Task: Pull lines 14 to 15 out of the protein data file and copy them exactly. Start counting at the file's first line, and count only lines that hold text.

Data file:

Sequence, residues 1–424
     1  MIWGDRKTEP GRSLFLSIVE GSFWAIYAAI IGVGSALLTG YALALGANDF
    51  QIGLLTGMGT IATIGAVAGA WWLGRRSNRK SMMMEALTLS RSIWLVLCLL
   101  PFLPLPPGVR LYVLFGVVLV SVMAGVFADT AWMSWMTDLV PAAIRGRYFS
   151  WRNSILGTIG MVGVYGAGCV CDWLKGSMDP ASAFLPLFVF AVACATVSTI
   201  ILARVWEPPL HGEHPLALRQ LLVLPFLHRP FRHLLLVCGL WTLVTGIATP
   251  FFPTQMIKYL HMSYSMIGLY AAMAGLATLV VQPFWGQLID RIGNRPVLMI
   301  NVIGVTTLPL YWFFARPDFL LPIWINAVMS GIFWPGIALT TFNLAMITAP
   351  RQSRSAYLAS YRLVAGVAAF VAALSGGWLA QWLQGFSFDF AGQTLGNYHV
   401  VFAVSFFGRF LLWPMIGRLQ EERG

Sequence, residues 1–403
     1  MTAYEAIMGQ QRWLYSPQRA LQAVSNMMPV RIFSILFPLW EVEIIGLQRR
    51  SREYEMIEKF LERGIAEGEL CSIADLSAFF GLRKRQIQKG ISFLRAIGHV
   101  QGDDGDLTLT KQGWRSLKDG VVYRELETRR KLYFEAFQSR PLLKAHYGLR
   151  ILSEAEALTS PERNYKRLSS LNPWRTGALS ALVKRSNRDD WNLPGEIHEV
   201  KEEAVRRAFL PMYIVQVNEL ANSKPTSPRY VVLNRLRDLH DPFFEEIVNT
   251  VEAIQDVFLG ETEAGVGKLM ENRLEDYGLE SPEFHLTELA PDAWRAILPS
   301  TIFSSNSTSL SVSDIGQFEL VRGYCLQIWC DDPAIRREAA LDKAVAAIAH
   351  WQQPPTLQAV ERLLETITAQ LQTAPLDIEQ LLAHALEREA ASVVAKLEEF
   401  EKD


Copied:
   101  QGDDGDLTLT KQGWRSLKDG VVYRELETRR KLYFEAFQSR PLLKAHYGLR
   151  ILSEAEALTS PERNYKRLSS LNPWRTGALS ALVKRSNRDD WNLPGEIHEV